English Heritage: Further details were given about the changes underway in the structure of English Heritage. It was noted that the aim was to make the charity part responsible for properties self-financing within eight to ten years following an initial government launch with £80m. The Council for British Archaeology, in conjunction with English Heritage, is developing a toolkit to assist local communities wanting to research the physical legacy of the First World War. The final report from Protect our Place is now available http://www.english-heritage.org.uk/publications/protect-our-place/.The project was designed by Civic Voice to show why community groups and volunteers protect and promote their local area in the way that they do, and to understand what lessons can be learned to support this in the future. The project was supported by English Heritage in the context of the National Heritage Protection Plan (NHPP).
EERAC: News was given of successful use of small grants focused on archival projects for relatively small amounts of money. This group was continuing to function well for the region despite changes to key personnel. EERAC has been connected with the work of the British Records Association and offered advice to the National Digitisation project. Members of committee expressed continuing interest in the plans for a combined Suffolk Record Office, its remit, likely personnel and location, partly owing to continued rumours about ‘out-sourcing' and cuts. This led to a broader discussion of the changes being experienced in our county record offices with the loss of experienced staff, cuts to opening hours and loss of cataloguing, all being offset some would say, by increased access to material on-line and all-hours. TNA is attempting to capture material from more catalogues for off-site collections in its new Discovery Catalogue but progress will be slow for this is a complicated process. Much hangs on the mounting backlog to cataloguing that affects all county record offices.
VCH: A copy of the new style publication for Hampshire was passed to the Chair for review, possibly on the website and for the Historian.
TNA: Reports were confirmed that the current Chief Executive, Oliver Morley is moving to DVLA in November. Education staff were closely involved in numerous projects relating to WW1, preparation for material on the Jacobite Rebellions (for 2015), and Magna Carta (2105). Recent conferences on railways had proved very successful with events at Kew and at York. Another tranche of records from the Colonial Office had now been made available. The website is being improved (a new Beta version) and Image Library has been re-launched with over 36,000 images available to download for a small fee. TNA had continued to be closely involved in training of postgraduate historians and on-line versions of some of the training materials will shortly become available.
Apropos of such training programmes, Chair volunteered to contribute a guide he was currently preparing for MA students on the nature of the UK History ‘world' - the basic elements of which could thankfully already be discerned from our Public History pages and links. It was agreed that this might provide useful advice to postgraduates on resources, roles and sources of funding, etc.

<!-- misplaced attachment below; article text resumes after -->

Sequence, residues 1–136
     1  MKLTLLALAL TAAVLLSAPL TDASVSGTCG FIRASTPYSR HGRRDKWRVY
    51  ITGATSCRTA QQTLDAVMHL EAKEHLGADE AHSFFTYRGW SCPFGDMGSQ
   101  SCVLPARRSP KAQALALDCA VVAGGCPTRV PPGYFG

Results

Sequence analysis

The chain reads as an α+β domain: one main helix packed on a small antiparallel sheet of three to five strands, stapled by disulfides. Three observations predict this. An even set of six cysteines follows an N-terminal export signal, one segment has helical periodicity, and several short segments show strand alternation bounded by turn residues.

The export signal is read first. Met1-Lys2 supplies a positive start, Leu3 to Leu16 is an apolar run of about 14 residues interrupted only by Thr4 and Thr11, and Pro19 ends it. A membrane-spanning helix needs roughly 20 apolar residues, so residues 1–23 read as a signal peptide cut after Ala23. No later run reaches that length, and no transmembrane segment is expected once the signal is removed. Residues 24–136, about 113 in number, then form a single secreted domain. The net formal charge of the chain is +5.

BALH: The impact of JStor on journals was picked up above with regard to the Open Access debate. On the broader issue of the role of societies such as ours in endorsing ‘impact' of university database projects it was agreed that we would seek early involvement when projects are being put forward, website links, reports for our societies, possible talks for conferences, etc in order to be in a good position to write in support of ‘impact'. An example was given in which TNA had gained a CPD course/resources out of a University of Sussex project relating to household accounts of the early twentieth century, thus providing it and the university with greater evidence of impact and sustainable resources that had already led to copy-cat projects in other parts of the country. See this link...
Higher Education: Examples were given from the University of Reading indicating that work placement elements in undergraduate courses were proving popular and valuable to students in gaining access to further courses and/or employment. It was agreed to publicise the annual Public History Lecture held at Reading in honour of Sir Frank Stenton as this was free and open to the public. Concerns were expressed, picking up on an article by Estelle Morris in today's Guardian, that the planning/funding of teacher-training breaking down and thus putting the future of several smaller universities reliant on such work in jeopardy
Chair reported on a recent visit he had made to Bishop Auckland Castle where plans are underway to mount major exhibitions, conferences and events relating to matters of faith and spirituality; he felt that this was an excellent way of making use of the wonderful castle, for many years home to the Bishops of Durham. Fuller details of this project would be placed on the HA website.
Chair requested that all members present might provide him with statistics/data relating to their organisations for this might create a useful databank equivalent in value to the surveys regularly conducted by our other HA Committees with responsibility for primary and secondary education. The HA might provide a valuable service in drawing together data regarding changes to museum, library and archive services, monitoring - for example - the numbers of education archivists now available in the country, bearing in mind increasing need for CPD that might be associated with calls for more teaching of local history. It mattered here, for instance, how the recent cuts to education services at English Heritage might affect provision after the current Schools Heritage initiative ends in 2015.
NEXT MEETING: Tuesday 25 March 2014, 11.30am-3pm at 59A.